Stop the 'Plague of Prisons'


Noted scholar, researcher and epidemiologist Ernest Drucker, in his recent book, A Plague of Prisons: The Epidemiology of Mass Incarceration in America, utilizes his keen mind and decades of experience in an attempt to frame the ongoing debate over mass incarceration in America as a public health concern.

He hits the mark dead center.

Unfortunately, although the author makes his case in a style that is lucid, compelling and easy (even for non-specialists) to comprehend, most Americans are still not ready to listen to—let alone heed—his message.

We're on a collision course with a preventable disaster that affects us all, not just those behind bars and their families.

Drucker certainly is not the first writer and scholar to make the point that any nation that consistently builds more prisons than universities is on the verge of diving head-first into the dustbin of history.

Another author, Professor Michelle Alexander, made the same case (albeit from a different perspective) in her 2010 classic The New Jim Crow. And no, it's not too soon to begin calling her book a genuine “classic.”

Drucker constructs an “epidemiological riddle” to acquaint readers with the tools of his craft: numbers and the interpretation of them. Utilizing lessons drawn from the sinking of the Titanic, he demonstrates how social problems can be understood, predictions made, and solutions formulated by accurately analyzing data about a catastrophe .

The author doesn't initially tell the reader what the disaster is. But analyzing the gender, class and ages of those who lived and those who died after the “unsinkable” ocean liner went down in the North Atlantic, the answer becomes obvious. And it provides an instant education in how epidemiology works.

From the preventable tragedy of the sinking of the Titanic with such a great loss of life (all the ship's designers had to do was to include enough lifeboats, but since the vessel was supposedly “unsinkable,” why bother?) Drucker turns to the equally preventable cholera outbreaks of the mid-1800s in London.

One of the world's first epidemiologists, physician John Snow, traced the cause of the disease to the Broad Street water pump in the Soho section of London, which was pulling water contaminated with feces from the Thames River. He also noticed that no workers at a nearby brewery were coming down with the disease, and rightly surmised that was because they boiled their water.

Epidemic over.

Similarly, since 2004, Drucker has been gathering statistics on mass incarceration and, along with others (including Todd Clear, noted criminologist and now dean of the Rutgers University School of Criminal Justice), he now can postulate that the plague of prisons we've experienced in this country in the last 35 years is causing an increase in crime—rather than reducing crime.

“Clear has documented that crime rates in Florida communities with high incarceration rates can be traced directly to increases in imprisonment,” writes Drucker. “In other words, what started out as a punishment for crime — prison — now has become a source of the very crime it seeks to control.”

Mass incarceration feeds on itself and destabilizes entire communities.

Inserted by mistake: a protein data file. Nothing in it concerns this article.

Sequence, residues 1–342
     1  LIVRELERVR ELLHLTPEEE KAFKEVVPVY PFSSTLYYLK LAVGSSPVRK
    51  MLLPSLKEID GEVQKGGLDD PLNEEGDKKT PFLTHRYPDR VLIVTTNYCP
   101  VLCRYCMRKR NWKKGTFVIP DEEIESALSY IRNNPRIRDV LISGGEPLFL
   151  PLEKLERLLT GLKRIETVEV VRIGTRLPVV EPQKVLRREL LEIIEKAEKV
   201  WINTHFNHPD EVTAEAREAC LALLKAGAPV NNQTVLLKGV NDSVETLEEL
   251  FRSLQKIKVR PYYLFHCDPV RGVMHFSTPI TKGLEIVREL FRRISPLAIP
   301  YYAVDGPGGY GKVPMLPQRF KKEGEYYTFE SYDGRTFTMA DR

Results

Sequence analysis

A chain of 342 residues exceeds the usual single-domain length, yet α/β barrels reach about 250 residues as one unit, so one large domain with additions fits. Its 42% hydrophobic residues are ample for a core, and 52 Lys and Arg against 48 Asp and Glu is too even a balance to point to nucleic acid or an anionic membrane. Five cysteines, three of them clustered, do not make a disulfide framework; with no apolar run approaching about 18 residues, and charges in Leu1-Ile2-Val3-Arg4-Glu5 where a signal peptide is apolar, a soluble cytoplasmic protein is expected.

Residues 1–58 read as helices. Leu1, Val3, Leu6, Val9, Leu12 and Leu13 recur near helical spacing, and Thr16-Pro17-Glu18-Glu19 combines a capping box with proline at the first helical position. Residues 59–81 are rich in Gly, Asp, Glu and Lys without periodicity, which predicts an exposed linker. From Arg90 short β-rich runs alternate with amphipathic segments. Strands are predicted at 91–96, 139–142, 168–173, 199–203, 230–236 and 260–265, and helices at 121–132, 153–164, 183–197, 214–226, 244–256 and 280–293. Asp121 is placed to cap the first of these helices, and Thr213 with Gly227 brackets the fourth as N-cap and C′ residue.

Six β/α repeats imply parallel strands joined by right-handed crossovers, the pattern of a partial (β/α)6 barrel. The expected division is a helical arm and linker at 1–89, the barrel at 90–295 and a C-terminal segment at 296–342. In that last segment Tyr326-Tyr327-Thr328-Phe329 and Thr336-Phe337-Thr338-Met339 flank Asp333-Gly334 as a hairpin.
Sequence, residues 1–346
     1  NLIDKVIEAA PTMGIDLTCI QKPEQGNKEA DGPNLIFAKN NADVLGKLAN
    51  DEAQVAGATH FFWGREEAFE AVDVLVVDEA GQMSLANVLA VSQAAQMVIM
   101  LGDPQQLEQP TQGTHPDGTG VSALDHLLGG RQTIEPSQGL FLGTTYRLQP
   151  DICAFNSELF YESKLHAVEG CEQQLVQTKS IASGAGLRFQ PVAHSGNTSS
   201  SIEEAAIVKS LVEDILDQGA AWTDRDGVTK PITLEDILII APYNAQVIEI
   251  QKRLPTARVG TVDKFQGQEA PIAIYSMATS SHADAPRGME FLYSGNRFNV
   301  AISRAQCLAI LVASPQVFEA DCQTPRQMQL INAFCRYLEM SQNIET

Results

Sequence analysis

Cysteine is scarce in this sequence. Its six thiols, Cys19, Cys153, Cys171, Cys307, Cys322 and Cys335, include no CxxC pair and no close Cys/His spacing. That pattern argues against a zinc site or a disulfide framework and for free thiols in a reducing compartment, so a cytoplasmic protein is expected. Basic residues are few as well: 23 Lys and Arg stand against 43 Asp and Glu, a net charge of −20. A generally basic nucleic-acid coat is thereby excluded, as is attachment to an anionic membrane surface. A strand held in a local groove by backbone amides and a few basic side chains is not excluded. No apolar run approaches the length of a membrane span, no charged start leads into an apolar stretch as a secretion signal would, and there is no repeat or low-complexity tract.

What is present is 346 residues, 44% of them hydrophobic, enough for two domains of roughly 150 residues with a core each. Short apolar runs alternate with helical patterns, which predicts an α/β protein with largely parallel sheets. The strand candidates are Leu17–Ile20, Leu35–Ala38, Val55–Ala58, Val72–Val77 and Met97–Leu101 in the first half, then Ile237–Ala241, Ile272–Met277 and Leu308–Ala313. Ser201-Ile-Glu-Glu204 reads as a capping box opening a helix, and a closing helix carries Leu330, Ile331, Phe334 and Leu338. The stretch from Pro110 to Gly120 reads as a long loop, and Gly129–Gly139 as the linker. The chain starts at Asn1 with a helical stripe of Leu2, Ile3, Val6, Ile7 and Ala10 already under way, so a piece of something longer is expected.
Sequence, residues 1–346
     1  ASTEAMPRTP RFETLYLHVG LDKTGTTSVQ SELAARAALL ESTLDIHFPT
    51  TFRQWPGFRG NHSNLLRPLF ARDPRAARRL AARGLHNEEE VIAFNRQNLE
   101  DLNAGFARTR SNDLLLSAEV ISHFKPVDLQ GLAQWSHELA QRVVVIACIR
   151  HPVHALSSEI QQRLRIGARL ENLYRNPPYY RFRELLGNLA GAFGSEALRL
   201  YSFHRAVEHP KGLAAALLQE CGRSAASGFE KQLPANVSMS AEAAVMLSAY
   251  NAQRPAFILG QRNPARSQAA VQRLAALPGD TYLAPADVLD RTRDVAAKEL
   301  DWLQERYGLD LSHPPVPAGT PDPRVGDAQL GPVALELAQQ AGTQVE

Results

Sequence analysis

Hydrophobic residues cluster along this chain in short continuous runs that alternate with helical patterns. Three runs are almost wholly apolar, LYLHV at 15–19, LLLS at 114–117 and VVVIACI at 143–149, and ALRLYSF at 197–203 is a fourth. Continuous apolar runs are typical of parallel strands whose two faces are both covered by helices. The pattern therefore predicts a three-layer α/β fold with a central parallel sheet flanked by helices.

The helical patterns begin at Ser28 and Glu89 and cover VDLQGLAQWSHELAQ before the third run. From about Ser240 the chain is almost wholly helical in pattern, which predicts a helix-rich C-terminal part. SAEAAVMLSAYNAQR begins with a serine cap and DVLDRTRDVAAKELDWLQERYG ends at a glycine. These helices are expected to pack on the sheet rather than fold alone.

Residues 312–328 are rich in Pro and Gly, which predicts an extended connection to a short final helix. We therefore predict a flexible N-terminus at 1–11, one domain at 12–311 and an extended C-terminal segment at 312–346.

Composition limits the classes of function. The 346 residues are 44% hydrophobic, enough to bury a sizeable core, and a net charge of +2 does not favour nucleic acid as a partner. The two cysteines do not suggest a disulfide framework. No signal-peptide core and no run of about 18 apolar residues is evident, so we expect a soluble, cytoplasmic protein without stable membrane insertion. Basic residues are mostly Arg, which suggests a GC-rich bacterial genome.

With 2.3 million prisoners behind bars, America might have reached its incarceration apogee in 2010, when prison rates began to fall for the first time since the early 1970s, when the draconian Rockefeller Drug Laws ushered in the age of mass incarceration.

But many reformers are still holding their collective breath.

Why? Because of the new wrinkle of prison privatization.

As more states seek to cut corners and save dollars in response to budgetary constraints private operators are offering pie-in-the-sky quick fixes.

But their “solutions” are a chimera, and could cost dearly not too far down the line in terms of again increasing incarceration numbers.

No corporation invests hundreds of millions of dollars and then sets about putting itself out of business. The palpable fear among reformers is that corporate lobbyists will convince legislators who, in many states, have always demonstrated a proclivity for making onerous laws—especially in the area of addiction—that do more harm than good) to keep their “hotels” full.

Faced with such disincentives, commonsense approaches that Drucker proposes relating to decreasing prison populations, reducing recidivism, improving reentry, and, most importantly, lowering crime rates at the same time face an uphill battle against the well-funded prison/industrial complex.

But at least he's broken new ground.

If, a decade down the road, your new Chevy Volt is being produced in Ohio's Lucasville Maximum State prison, rather than in the GM Lordstown plant about 60 miles outside of Cleveland where it's currently being built, you'll then understand the long-term goal of mass incarceration and prison privatization.

And why it should be of concern to you too.

Is this too outlandish a scenario? Try telling that to the millions of hard-working Americans who've lost their homes to the greed of Wall Street over the last seven or eight years.

Corporations have amply demonstrated they literally will stop at nothing to maximize profits, and the prison population is a demographic without adequate advocacy. This is the public health train wreck that Ernest Drucker and others like him are attempting to prevent.

Mansfield Frazier serves as the executive director of Neighborhood Solutions, Cleveland.. His column can currently be seen weekly on and The Cleveland Leader. He also occasionally contributes to The Daily Beast. Frazier is the co-publisher of Reentry Advocate, a magazine that currently goes into all Ohio prisons, select prisons in Michigan, and the Federal Bureau of Prisons. He welcomes reader comments.

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